As many as one million dogs and cats in the United States could end up homeless because the economic recession and home foreclosure crisis are forcing many of cash-strapped pet parents to give up their companions.
The expected surge in homelessness is likely to create a huge burden on already strained humane societies and rescue shelters, the American Society for the Prevention of Cruelty to Animals cautions.
"Everyone is being affected by the current economic crisis in some way, including animals," ASPCA President Ed Sayres states in a media release. "Community animal shelters and rescue groups across the country could be seeing an increase in the number of homeless pets they must care for or a decrease in the donations they rely on to care for those animals."
ASPCA science advisor Stephen Zawistowski says statistics show that approximately one in 171 homes in the United States is in danger of foreclosure. "Considering that approximately 63 percent of U.S. households have at least one pet, hundreds of thousands of pets are in danger of being abandoned or relinquished to animal shelters across the country," he said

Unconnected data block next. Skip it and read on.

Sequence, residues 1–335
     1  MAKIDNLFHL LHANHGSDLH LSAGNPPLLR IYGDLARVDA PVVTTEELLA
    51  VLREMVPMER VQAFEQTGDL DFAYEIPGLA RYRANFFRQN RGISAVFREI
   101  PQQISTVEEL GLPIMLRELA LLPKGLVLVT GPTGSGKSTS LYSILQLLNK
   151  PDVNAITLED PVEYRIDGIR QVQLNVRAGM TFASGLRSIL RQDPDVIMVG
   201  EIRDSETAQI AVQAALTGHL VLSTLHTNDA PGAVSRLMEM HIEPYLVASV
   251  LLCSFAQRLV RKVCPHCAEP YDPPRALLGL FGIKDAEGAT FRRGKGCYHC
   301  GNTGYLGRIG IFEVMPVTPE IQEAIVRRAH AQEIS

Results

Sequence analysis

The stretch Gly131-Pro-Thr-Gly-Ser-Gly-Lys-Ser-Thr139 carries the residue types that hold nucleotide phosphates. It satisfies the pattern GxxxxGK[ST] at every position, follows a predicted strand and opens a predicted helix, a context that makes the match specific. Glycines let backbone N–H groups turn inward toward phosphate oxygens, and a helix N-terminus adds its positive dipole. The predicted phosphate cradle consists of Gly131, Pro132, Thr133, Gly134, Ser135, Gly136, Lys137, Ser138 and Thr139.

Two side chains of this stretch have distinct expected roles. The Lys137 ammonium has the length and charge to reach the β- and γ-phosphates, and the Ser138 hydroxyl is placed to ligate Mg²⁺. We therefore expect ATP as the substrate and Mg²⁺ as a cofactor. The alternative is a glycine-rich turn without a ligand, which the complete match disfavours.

Five million companion animals already enter shelters each year, so the economic recession could lead to a 10 to 20 percent increase in relinquishments to already overcrowded shelters, Dr. Zawistowski said. "This has the potential to grow into a serious animal welfare issue, and some regions of the United States, like Nevada - where the foreclosure rates are three times the national average - could be hit much harder than others."
The ASPCA is urging people to help homeless animals and shelters by taking actions such as:
- Adopting a homeless cat or dog.
- Donating used blankets, towels or even tennis balls to a local animal shelter or rescue group.
- Volunteering to foster adoptable animals in your home until they are placed in a permanent home.
- Helping the pet parents in your community who are struggling to take care of their companions.
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ASPCA President Sayres urges people to help in any way possible. "There has never been a better time to support your local animal shelter if you are in a position to do so," he said.